Alice is a married mother of three in her late 30s, living in the New Jersey suburbs of NYC. She works part-time at a women’s magazine writing the column on book recommendations and this gives her a nice balance between being present with her children, taking time for herself (spinning class! book club! wine with friends!), and remaining active in the career force. But then, her husband, Nicholas, loses his job as a high-powered corporate attorney and decides to go into practice for himself. In the meantime, Alice decides to take on a full-time job to support her family while Nicholas’s business gets off the ground. She finds a well-paying job with Scroll, the latest innovation in bookstores. Alice thinks she’ll be curating a collection of ebooks for customers to choose from in Scroll’s luxurious reading lounges, complete with free trade coffee and organic snacks. But Alice is actually entering the retail world where customer demand and the dollar are the bottom lines. Her job offers very little flexibility, includes a 90 minute one-way commute, and requires Alice to be hooked up to email and her phone all the time. At first, she is thrilled to be taking on this new challenge, but real life soon gets in the way. Her kids are handling things alright, but she is never quite satisfied to be spending so little time with them. Her husband begins drinking more and more. And on top of all that, her father’s cancer has returned and is not responding to radiation. Alice tries to make her new job work alongside the personal interruptions, but she eventually finds that she is being made miserable trying to “have it all” and that the job she has put her life on the line for is making her miserable.
This is a very “ordinary life” sort of story– Alice deals with work details and raising a family and taking care of aging parents. I liked that and I liked Alice. She’s navigating through a lot of new things, but seems to remain down-to-earth and just… I dunno, seems like the kind of person I’d want to chat books or kids with. I like that Alice is thrown into the deep end with her new job and that she tries to make it work and is capable of doing work that is probably outside of her depth of experience when she comes in. There is some of the excitement of a new business venture in here and that is entertaining (until things take a dramatic turn that ruins the whole deal for Alice). I’m always down for stories about women finding themselves and making life work for them and this was no exception.
But there were three big things that bugged me about this story. First, Alice’s husband’s drinking issue is never really tackled in a meaningful way. He’s been getting black-out drunk in the afternoons for about a year and manages to turn this around just by wanting to quit? To me, it sounded like he had addiction issues, which are unlikely to be solved by force of will. I kind of feel this story would have worked without a drunk husband, so Egan needed to deal with this in a real way or leave it out.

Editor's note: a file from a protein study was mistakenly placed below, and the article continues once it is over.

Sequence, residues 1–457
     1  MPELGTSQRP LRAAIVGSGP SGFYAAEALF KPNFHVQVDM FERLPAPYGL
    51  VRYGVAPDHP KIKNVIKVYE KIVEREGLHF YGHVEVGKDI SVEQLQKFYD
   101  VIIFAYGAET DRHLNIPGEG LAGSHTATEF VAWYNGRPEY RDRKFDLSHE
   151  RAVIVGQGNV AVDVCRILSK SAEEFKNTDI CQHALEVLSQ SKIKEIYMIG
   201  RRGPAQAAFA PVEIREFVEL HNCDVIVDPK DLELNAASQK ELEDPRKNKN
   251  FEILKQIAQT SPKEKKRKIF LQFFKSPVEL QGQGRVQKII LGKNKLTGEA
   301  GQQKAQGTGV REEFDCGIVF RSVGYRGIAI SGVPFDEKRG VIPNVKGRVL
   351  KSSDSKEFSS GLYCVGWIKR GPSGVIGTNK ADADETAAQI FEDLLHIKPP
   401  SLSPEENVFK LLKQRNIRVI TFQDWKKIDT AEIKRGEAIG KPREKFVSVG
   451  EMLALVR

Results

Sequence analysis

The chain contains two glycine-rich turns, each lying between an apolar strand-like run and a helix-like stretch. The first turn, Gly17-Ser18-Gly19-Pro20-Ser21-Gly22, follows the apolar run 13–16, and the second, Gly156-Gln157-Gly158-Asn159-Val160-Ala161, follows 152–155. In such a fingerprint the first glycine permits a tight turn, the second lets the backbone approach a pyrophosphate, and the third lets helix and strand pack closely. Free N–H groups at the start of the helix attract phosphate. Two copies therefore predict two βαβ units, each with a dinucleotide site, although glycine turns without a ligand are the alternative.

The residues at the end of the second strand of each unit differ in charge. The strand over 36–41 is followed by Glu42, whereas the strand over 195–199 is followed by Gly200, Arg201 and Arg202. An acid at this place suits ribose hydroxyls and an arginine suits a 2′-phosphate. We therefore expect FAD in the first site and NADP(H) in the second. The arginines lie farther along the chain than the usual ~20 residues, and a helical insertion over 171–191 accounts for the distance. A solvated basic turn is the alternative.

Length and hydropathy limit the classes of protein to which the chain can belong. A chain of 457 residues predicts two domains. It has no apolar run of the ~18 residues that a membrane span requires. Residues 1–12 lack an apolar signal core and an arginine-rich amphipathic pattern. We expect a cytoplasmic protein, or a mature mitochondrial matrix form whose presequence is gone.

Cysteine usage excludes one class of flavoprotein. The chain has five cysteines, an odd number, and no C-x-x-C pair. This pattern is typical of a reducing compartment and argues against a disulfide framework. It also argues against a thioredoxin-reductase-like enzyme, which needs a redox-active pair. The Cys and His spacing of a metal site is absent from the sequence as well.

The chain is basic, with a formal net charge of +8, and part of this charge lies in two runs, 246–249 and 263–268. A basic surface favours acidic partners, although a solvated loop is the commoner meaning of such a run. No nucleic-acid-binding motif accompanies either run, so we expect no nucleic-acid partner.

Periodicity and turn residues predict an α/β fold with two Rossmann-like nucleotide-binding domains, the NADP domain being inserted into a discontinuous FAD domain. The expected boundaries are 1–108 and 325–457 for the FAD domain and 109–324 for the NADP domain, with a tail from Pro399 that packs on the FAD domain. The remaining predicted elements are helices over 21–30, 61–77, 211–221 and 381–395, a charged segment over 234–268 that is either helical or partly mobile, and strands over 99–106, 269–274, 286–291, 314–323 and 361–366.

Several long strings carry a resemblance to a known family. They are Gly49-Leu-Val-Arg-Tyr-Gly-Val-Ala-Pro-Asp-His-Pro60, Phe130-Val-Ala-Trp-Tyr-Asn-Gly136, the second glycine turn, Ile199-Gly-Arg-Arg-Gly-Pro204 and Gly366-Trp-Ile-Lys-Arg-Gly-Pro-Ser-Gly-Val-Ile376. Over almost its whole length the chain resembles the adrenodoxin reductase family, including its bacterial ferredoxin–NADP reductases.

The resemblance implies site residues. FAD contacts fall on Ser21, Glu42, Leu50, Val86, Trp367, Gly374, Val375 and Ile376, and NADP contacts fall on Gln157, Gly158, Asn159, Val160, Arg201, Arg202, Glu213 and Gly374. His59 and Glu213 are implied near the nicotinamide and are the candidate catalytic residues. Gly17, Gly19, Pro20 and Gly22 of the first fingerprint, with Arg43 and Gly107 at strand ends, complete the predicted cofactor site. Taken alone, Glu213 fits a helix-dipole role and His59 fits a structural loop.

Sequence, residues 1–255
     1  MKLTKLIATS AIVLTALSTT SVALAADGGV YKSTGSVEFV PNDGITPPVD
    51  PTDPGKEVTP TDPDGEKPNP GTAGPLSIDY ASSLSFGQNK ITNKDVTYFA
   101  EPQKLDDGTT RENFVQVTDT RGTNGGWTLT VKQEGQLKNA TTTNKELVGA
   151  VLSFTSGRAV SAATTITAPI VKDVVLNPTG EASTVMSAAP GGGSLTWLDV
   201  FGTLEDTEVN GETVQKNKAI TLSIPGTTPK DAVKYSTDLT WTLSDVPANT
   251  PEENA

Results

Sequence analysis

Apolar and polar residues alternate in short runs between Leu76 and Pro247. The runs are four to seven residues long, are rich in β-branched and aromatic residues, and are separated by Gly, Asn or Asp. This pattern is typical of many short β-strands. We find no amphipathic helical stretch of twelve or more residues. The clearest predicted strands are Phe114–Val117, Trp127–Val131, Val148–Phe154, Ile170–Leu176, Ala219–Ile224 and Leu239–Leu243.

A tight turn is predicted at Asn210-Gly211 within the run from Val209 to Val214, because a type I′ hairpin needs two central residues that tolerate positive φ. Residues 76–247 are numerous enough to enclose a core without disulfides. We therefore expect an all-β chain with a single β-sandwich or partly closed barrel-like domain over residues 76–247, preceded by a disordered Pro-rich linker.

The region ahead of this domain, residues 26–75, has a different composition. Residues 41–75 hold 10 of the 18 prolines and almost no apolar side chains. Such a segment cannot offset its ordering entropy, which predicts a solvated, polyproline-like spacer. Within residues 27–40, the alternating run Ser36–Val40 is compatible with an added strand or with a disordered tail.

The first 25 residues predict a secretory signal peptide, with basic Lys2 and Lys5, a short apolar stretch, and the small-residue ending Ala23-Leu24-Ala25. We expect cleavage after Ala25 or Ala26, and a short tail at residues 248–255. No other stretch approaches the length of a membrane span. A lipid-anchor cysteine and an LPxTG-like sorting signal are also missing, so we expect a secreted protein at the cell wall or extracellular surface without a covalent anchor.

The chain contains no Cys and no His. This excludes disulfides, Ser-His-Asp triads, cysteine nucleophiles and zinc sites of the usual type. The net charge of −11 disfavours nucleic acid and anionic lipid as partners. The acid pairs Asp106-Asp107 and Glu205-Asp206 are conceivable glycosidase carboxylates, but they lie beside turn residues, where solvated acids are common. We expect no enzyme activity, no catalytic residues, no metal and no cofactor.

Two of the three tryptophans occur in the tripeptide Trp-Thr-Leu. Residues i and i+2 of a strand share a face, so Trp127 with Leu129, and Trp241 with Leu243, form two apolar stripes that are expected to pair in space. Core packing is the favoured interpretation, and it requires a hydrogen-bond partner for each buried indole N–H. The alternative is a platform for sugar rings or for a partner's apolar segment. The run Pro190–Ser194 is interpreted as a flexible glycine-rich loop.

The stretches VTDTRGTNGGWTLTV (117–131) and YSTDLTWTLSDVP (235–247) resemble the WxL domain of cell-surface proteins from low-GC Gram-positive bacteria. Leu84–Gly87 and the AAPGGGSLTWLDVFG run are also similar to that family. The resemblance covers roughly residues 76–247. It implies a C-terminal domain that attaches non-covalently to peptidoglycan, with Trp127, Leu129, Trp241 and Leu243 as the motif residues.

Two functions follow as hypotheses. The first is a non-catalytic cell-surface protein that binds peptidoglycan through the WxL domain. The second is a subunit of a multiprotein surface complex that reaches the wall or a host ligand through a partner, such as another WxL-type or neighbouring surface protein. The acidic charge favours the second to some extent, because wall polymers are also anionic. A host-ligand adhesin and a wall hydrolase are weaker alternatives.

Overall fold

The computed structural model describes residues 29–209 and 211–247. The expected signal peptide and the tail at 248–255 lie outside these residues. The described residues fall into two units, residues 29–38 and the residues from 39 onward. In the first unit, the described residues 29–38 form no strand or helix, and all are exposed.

Second, I’m a little uncertain how to take the ending of this story, where Alice figures out Scroll is not for her. It was the ending I was rooting for and absolutely appropriate for Alice’s situation, but I am kind of left hanging. I’m a working mom (granted in a more family-friendly environment) and it almost feels like a slap in the face to read a book about a working mom whose problems are all solved by her quitting her job and letting her husband’s business take the lead. I don’t know. Not every working mom has the luxury of quitting her well-paying job to “figure things out.” I think I’d have been more satisfied if this had ended with Alice finding a full-time job that gave her more flexibility to be present with her family, rather than having her return to part-time work and the vague possibility of a future business venture. I just felt very uncomfortable about reading a book about “having it all” that settles firmly into the message that it can’t be done. And sure, I think “having it all” is a problematic concept and that there is no realistic way to do everything you want in life (even without kids), but I think many mothers manage to find a balance they can live with, even with a full-time job. It just really bugs me that Alice’s solution had to be exiting the traditional workforce, especially when all her children are in school full days.
Finally, I think a lot of my dislike about the ending of this book has to do with my discomfort with the socioeconomic background of the characters in this book. I just felt vaguely unsettled that money is never a REAL problem for Alice, that she can afford the babysitter, the house with the perfect location, the new work wardrobe, the lessons and activities for the kids, etc. without breaking a sweat. She lives in a rarefied world (one where she inherits money from her father’s death, even)– not the world most of us would find ourselves in if our partners lost their jobs and went into business for themselves. I always feel a little uncomfortable with these stories of women for whom money is no big deal, particularly ones that strive for as much realism as this one did.
Anyways, despite the fact that had some rather major issues with this book, I did enjoy it quite a bit. I think Alice’s character won me over and that that made this book a lot more charming than it would have been had these issues been present in the story of a flatter character. I’d definitely be willing to try more from this author, should she write another novel. As for a recommendation, if Jennifer Close is your kind of chick lit, then I think Elisabeth Egan would be, too. This is definitely for fans of that higher brow sort of chick lit– the kind with heavier issues and East Coast, privileged characters, where the drama of daily life outweighs romance or comedy.